## Rankine Sentence Examples

- The standard of comparison generally adopted for this purpose is obtained by calculating the efficiency of an engine working according to the
**Rankine**cycle. - 21 shows the pressure-volume diagram of the
**Rankine**cycle for one pound of steam where the initial pressure is 175 lb per square inch by the 19t, gauge, equivalent to 190 lb per square inch absolute. - Scots Law: Hunter, on Landlord and Tenant (Edinburgh, 4th ed., 1876);
**Rankine**, on Land Ownership (Edinburgh, 3rd ed., 1891);**Rankine**, on Leases (Edinburgh, 2nd ed., 1893); Hunter, Landlord and Tenant (4th ed. - WILLIAM JOHN MACQUORN
**RANKINE**(1820-1872), Scottish engineer and physicist, was born at Edinburgh on the 5th of July 1820, and completed his education in its university. **Rankine**was the earliest of the three founders of the modern science of Thermodynamics on the bases laid by Sadi Carnot and J.**Rankine**died at Glasgow on the 24th of December 1872.- Patten in 1824; whilst in 1881
**Rankine**Kennedy resuscitated the idea for the purpose of exhausting filament electric lamps. - (16) An equation of a similar form had previously been employed by
**Rankine**(Trans. - One or two chapters on the subject are also generally included in treatises on the steam engine, or other heat engines, such as those of
**Rankine**, Perry or Ewing. - Of greater interest, particularly from a historical point of view, are the original papers of Joule, Thomson and
**Rankine**, some of which have been reprinted in a collected form. **Rankine**(Phil.**Rankine**proved (Applied Mechanics, p. 370) that the necessary strength of a stiffening girder would be only one-seventh part of that of an independent girder of the same span as the bridge, suited to carry the same moving load (not including the dead weight of the girder which is supported by the chain).**Rankine**gives the approximate rule Working deflection =5= l a /t o,000h, where l is the span and h the depth of the beam, the stresses being those usual in bridgework, due to the total dead and live load.**Rankine**, was therefore much vivified by Lord Kelvin's specification (Comptes Rendus, 1889) of a material gyrostatically constituted medium which would possess this character.- By Ferguson; Edinburgh, 1897);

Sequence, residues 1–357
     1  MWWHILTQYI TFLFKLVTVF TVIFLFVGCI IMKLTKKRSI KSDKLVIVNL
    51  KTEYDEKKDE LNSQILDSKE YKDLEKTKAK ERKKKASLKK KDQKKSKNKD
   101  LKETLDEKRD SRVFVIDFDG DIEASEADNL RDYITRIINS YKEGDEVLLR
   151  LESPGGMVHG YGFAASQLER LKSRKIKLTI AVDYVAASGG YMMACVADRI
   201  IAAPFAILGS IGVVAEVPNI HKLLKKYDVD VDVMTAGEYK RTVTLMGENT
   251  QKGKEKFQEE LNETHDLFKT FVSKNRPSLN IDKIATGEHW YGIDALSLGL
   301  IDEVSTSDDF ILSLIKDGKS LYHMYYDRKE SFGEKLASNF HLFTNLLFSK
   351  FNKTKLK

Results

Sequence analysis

**Rankine**, Law of Landownership (3rd ed., 1891). **Rankine**(Proc. R.S.E.- The first accurate calculations of the specific heats of air and gases were made by
**Rankine**in a continuation of the paper already quoted. - 40 deduced from the velocity of sound,
**Rankine**found for air S = 240, which was much smaller than the best previous determinations (e.g. - 1.40,
**Rankine**found S = .385, a value which he used, in default of a better, in calculating some of the properties of steam, although he observed that it was much larger than the coefficient .305 in Regnault's formula for the variation of the total heat. - (
**Rankine**, 1849). - (Kirchhoff,1858;
**Rankine**,1866). - They are not sufficient alone, but give good results when modified, as in the simple and accurate formulae of
**Rankine**, Kirchhoff, L. - The formulae of